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GEORGE: Capitalism at the root of the worldwide ecological crisis

November 13, 2018 - 12:30 PM

 


OPINION


We are in the midst of a rather severe worldwide ecological crisis. Many of us know this but simply throw our hands up in the air as we feel there is nothing that can be done.

The cultural narrative is that the damage to the ecosystems around the world is an inevitable consequence of human nature. Rich or poor, people are the primary drivers of pollution, habitat destruction, and pesticides. No thought is given to our choice of economic system as being the problem. In fact, it is pretty clear that we go out of our way to give capitalism a pass.

A devastating report on the state of wild animals worldwide came out this week.

The researchers published their conclusions, including "...that the destruction of wild habitats, hunting and pollution were to blame." Last week's story on the annihilation of the insect population of the world concluded "...the number of insects “such as beetles, butterflies, spiders and worms has decreased by 45 percent” since 1980. The reason: “loss of habitat and global climate disruption." As horrifying as both of these stories are, both bury the real reason under a layer of consequences rather than pointing to the root cause.

There is a reason for that.

Economic growth is a problem for the real world. Growth, we are told, is how we are to provide a decent standard of living for all of us here in the developed world and growth is how we are expected to lift the billions of souls in the developing world out of poverty. Growth is also seen as the only way to halt the population crisis. And it is undoubtedly working, at least in the case of the developing world.

But growth as a poverty reduction strategy can only work if that growth is reasonably allocated across the population. Inequities in how we manage our business affairs have produced severe inequality in wealth and income. The median income of households in the United States through a period of moderate economic growth has actually dropped by four per cent. Growth dropped the ball as far as its expected outcome in our society.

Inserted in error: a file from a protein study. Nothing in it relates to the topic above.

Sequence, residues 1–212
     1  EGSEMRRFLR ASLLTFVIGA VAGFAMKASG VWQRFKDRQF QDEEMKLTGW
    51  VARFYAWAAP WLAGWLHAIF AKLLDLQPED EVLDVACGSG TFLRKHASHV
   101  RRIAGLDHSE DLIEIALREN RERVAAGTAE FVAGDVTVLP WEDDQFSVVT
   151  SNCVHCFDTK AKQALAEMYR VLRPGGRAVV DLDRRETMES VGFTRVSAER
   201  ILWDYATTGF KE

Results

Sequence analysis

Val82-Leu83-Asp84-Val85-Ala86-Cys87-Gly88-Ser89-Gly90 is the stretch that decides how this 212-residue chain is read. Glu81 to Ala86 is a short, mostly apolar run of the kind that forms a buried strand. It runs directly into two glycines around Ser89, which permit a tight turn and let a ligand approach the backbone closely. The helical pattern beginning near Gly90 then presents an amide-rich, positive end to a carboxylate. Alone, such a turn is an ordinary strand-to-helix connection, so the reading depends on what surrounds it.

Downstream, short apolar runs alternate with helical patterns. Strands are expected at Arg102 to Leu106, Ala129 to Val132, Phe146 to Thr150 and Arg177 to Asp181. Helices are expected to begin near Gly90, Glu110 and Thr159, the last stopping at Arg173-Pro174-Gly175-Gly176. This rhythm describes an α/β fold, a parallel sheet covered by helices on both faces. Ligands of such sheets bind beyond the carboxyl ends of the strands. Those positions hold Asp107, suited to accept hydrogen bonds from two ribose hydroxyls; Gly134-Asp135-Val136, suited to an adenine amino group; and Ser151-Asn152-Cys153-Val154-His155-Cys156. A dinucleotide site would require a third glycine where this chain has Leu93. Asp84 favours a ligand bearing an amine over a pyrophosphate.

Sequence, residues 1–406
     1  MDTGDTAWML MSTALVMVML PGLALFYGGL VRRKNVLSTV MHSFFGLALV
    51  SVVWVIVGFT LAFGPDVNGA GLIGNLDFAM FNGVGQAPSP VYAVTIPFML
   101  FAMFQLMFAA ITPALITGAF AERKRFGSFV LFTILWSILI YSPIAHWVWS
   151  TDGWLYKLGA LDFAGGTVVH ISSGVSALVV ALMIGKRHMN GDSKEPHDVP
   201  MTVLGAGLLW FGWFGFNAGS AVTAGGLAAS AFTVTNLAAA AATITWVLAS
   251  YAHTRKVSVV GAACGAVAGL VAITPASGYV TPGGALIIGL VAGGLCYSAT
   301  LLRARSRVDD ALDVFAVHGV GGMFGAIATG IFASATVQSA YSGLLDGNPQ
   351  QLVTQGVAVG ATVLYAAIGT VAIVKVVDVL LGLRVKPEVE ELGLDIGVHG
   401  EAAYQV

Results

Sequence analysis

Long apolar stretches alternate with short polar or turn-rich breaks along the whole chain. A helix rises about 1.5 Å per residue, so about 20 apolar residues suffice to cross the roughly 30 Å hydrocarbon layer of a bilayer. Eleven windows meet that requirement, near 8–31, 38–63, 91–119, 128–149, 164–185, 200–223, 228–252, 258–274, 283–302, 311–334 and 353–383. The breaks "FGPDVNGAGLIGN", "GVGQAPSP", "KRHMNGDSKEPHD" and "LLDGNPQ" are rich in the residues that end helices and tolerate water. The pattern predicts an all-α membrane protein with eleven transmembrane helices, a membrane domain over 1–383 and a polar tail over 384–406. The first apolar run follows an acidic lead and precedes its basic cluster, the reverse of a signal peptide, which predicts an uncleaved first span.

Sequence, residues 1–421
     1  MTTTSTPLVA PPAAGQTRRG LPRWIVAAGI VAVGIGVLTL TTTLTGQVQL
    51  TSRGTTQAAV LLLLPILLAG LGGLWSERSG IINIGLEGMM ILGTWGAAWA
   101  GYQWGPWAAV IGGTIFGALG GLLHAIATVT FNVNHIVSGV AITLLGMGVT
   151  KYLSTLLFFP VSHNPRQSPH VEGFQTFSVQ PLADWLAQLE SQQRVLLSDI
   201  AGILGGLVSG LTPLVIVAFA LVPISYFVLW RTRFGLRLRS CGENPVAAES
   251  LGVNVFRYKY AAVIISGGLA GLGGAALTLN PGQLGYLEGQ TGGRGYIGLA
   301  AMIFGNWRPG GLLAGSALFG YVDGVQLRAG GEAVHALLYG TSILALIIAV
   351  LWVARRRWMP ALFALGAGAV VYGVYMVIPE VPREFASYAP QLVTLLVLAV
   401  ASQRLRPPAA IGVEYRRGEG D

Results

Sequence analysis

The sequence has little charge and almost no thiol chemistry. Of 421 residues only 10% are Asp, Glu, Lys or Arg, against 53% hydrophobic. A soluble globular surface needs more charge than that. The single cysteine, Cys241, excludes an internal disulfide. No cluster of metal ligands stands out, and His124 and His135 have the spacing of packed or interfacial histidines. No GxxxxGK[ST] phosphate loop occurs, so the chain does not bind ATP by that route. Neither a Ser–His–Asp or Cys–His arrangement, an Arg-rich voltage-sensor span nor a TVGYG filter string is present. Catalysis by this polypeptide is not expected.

And the economy continues to chew through the natural world like a buzzsaw. The consequences and conclusions of the studies above hide the problem behind the symptoms.

Habitat loss is a euphemism for human development driven by the need for capital to make a return. Climate disruption is the consequence of unpriced pollution spewing from the capitalist drive to convert living things into bankable assets. Hunting is driven by people seeking trophies, stupidity like rhino horn powder, bear gall bladder, and ivory. And yes these people primarily seek to convert these living things into livings for their human families as they market the products of their enterprise to the developed world.

None of these activities have ever been priced into our economic system. We pride ourselves on how brilliant we are for being able to make a buck, yet much of our activity is the equivalent of picking things up off the ground, selling them, and then patting ourselves on the back for being innovative and hard working.

A much rounder critique than what I have penned here points out that "Life is literally free to capitalism, and so capitalism therefore quite naturally abuses it and destroys it..." because it is, after all, found money.

To begin to solve a problem we must first understand it.

Growth and our inability to price in both social and environmental costs into our economic system are the reasons why the natural world is falling apart even as our societies begin the slide once again towards war and oligarchic authoritarianism across the globe. We do ourselves no favours by allowing capitalism to hide behind the smokescreen of its consequences. We need it out in the light so we can see it for what it is.

The good news is that the global economy is a human construct. If we can build it we can change it.

The bad news is that those with the most to lose from changing that system happens to have control of the means of making changes. And time is running out for the natural world, our fellow animate beings on this planet, and ultimately time is running out for us.

— Chris George believes one measure of a just society is found in how well it balances fiscally conservative economics with social responsibility and environmental soundness in all of its living arrangements.


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